I recently read an older thriller & was reminded why I write historicals. Technology has changed so much that a book written in its contemporary time can become dated pretty fast. The detective hero wasn’t able to contact anyone when he found the murder victim’s body…in this day & age of cell phones that do everything short of warming up your Lean Cuisine in the microwave, when is that likely to happen? It’s like watching reruns of “Friends”…still entertaining but am I the only person totally distracted by that big brick of a phone with the pull-out aerial they use? I figure my stories start out dated so there are no risky distractions from the plot. IMO, however, there’s a different kind of risk to writing historicals & that’s to give the characters contemporary thoughts & motivations. 21st century women wearing 19th century skirts, so to speak~ Not that there aren’t universal, human, timeless feelings but people wrote & spoke & (yes) thought differently 145 years ago. The challenge is to take those differences & weave a good story around them so that for the reader the fact that it’s 1870 is really secondary to everything else – to plot, characters, action, & emotions. I ramble about this particular subject because “The Dangerous Thaw of Etta Capstone” is close to being out although no agent or publisher wanted to introduce her to the reading public. “While I found your material very well written and enjoyed reading it, I was never fully convinced of its commercial prospects.” (that from a kind agent who at least took the time to read what I sent) True, my book doesn’t have a single vampire in it & it’s no shade of grey at all (what does it say about the reading public that what they sent to the top of the best seller list is a trilogy of contemporary pornography? I don’t mean to sound superior in any way when I say, ‘I don’t get it,’ but I don’t get it. The reviews of the “50 Shades” books – reviews from ordinary readers on Amazon – called the writing repetitive & trite… repetitive & trite & still mesmerizing, I guess.) Anyway, after being told my book wouldn’t sell I put it away for well over a year. But that Etta! She wouldn’t let things be (which is just like her.) So I decided to bring out the book myself through a website called CreateSpace. I simply couldn’t keep Etta in a (figurative) drawer any longer. “The Dangerous Thaw of Etta Capstone” is in the queue to go up on Amazon soon & I accept the fact that it has “no commercial prospects.” I’ll keep my day job. Besides, I don’t make that call, not really – you’ll be the judge. I just know that I think it’s a good story about a remarkable woman. “Write what you love; love what you write,” a successful author once advised. So I did.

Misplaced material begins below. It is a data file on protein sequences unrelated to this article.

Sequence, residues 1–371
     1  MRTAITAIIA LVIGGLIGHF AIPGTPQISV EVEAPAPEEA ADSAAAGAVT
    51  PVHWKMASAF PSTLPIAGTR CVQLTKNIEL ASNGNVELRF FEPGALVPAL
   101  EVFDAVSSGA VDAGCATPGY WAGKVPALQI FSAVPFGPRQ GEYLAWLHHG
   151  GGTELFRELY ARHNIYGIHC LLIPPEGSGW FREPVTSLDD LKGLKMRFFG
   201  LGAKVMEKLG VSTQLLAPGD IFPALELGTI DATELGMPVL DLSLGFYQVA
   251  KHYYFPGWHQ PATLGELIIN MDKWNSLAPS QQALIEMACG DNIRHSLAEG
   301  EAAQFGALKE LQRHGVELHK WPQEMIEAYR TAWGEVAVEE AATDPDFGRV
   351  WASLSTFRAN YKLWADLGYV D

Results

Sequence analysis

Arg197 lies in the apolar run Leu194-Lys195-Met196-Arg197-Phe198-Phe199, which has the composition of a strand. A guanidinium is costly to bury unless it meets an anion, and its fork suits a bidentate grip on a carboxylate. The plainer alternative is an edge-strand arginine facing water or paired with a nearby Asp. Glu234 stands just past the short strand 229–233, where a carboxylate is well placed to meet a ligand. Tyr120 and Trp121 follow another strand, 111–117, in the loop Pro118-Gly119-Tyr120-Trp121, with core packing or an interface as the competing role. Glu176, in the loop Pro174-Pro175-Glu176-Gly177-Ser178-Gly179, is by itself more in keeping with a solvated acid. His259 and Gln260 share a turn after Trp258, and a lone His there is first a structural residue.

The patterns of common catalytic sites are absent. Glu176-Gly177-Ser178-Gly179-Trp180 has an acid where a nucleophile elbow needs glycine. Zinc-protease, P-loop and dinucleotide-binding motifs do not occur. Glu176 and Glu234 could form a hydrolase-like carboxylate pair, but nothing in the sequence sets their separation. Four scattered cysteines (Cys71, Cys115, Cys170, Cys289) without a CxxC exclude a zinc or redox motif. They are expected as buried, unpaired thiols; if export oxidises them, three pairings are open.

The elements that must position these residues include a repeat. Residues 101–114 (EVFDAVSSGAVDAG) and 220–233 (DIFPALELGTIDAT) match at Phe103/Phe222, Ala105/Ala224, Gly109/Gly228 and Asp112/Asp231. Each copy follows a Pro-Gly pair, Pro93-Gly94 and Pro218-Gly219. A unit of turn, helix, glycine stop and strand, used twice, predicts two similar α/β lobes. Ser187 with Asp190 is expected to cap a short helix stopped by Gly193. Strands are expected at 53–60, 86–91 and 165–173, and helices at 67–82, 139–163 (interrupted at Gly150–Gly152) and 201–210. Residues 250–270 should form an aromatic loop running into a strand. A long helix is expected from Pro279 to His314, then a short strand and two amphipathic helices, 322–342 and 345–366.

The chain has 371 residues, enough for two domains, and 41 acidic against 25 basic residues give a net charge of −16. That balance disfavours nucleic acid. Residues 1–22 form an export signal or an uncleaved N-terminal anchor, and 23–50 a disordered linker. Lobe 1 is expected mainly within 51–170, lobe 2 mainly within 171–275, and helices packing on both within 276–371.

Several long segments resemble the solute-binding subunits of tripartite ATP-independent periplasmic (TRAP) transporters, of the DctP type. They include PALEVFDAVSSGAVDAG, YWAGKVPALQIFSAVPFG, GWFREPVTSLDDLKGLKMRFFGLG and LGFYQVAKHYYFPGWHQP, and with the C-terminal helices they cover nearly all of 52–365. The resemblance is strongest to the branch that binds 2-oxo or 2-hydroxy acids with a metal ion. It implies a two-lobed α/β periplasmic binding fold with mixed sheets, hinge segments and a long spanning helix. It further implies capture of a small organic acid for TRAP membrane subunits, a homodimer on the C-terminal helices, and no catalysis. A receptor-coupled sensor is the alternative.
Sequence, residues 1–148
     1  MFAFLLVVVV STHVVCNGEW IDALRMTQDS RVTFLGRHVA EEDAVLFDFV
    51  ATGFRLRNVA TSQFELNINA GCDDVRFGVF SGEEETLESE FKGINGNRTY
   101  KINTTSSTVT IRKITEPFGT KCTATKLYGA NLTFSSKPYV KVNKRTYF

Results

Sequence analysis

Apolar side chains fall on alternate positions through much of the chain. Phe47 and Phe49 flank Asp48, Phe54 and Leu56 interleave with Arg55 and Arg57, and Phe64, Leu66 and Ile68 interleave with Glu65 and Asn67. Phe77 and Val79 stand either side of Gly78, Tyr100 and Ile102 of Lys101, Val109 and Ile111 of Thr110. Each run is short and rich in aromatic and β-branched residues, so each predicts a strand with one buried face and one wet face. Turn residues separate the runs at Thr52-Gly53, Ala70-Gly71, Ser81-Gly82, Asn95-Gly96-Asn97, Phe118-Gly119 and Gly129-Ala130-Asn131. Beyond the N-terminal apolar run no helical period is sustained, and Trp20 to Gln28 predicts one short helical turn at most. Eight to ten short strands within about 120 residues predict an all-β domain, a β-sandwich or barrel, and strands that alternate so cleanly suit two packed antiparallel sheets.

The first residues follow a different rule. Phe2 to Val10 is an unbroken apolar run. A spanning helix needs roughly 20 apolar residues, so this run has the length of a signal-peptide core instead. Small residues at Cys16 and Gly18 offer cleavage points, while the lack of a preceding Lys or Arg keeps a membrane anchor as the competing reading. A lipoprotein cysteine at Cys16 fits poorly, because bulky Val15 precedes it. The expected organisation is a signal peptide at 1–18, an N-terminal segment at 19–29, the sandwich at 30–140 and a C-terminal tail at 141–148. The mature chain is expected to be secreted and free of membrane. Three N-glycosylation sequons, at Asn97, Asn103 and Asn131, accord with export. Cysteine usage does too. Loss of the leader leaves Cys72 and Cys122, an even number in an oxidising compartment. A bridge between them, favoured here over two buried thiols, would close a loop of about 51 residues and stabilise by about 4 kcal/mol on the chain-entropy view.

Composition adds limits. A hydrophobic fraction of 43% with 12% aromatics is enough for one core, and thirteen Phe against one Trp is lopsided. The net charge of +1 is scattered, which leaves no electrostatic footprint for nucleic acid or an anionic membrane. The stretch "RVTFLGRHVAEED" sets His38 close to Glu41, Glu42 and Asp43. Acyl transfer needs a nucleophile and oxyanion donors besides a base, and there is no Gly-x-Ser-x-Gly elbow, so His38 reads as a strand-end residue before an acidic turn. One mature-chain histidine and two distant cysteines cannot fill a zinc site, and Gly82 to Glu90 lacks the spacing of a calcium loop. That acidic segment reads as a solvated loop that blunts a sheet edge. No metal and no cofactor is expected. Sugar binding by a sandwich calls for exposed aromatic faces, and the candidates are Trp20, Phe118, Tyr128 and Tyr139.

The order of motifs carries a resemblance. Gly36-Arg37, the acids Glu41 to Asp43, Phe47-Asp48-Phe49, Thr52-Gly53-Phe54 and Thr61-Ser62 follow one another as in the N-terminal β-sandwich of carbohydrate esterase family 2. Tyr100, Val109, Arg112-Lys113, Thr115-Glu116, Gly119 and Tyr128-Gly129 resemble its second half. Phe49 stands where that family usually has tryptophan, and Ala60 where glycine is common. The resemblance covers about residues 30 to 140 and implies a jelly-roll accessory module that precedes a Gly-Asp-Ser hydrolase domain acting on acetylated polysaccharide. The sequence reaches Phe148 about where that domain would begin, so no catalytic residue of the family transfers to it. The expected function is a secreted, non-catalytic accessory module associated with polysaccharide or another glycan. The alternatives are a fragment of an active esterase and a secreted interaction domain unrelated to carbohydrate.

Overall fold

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“Cuyahoga Falls author Karen J. Hasley's body of work, the four books in the Laramie Series, are expertly interwoven, with minor characters in one story becoming major figures in another, crossing each other's lives like ribbons. … Johanna Swan, orphaned daughter of missionaries, is trained as both a social worker and a nurse, and returns from England on a swanky ocean liner. It's 1912, and the liner is Titanic. … As usual, Hasley's historical research is flawless, and the other characters … add to the rich tapestry …one wonders if the people Johanna meets in passing will turn up in Hasley's next captivating book.” Akron Beacon Journal, 1/10/10
“Karen J. Hasley…continues to impress with a sparkling new book. Where Home Is brings along the heart from Lily's Sister and Waiting for Hope to the story of Katherine Davis, a young doctor who has just graduated from Kansas Medical School. … [Where Home Is] could be a conventional love story, but not in Hasley's capable hands. … The conclusion is tear-inducing, but feels heartfelt, not manipulated, and the historical references are spot-on.” — Akron Beacon Journal, 1/4/09